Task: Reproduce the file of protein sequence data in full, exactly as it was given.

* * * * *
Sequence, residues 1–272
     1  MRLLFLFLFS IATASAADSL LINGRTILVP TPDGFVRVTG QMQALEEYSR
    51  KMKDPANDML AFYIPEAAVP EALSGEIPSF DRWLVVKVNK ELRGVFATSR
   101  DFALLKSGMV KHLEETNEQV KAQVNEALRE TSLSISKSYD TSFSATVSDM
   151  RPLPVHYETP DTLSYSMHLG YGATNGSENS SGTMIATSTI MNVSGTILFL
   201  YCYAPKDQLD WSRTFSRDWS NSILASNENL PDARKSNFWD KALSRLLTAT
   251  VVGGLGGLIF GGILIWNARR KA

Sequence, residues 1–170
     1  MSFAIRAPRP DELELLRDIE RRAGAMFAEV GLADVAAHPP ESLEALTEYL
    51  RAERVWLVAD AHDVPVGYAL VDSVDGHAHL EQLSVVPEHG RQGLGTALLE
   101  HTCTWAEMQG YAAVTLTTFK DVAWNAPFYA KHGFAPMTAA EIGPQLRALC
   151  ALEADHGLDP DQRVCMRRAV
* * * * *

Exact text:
Sequence, residues 1–272
     1  MRLLFLFLFS IATASAADSL LINGRTILVP TPDGFVRVTG QMQALEEYSR
    51  KMKDPANDML AFYIPEAAVP EALSGEIPSF DRWLVVKVNK ELRGVFATSR
   101  DFALLKSGMV KHLEETNEQV KAQVNEALRE TSLSISKSYD TSFSATVSDM
   151  RPLPVHYETP DTLSYSMHLG YGATNGSENS SGTMIATSTI MNVSGTILFL
   201  YCYAPKDQLD WSRTFSRDWS NSILASNENL PDARKSNFWD KALSRLLTAT
   251  VVGGLGGLIF GGILIWNARR KA

Sequence, residues 1–170
     1  MSFAIRAPRP DELELLRDIE RRAGAMFAEV GLADVAAHPP ESLEALTEYL
    51  RAERVWLVAD AHDVPVGYAL VDSVDGHAHL EQLSVVPEHG RQGLGTALLE
   101  HTCTWAEMQG YAAVTLTTFK DVAWNAPFYA KHGFAPMTAA EIGPQLRALC
   151  ALEADHGLDP DQRVCMRRAV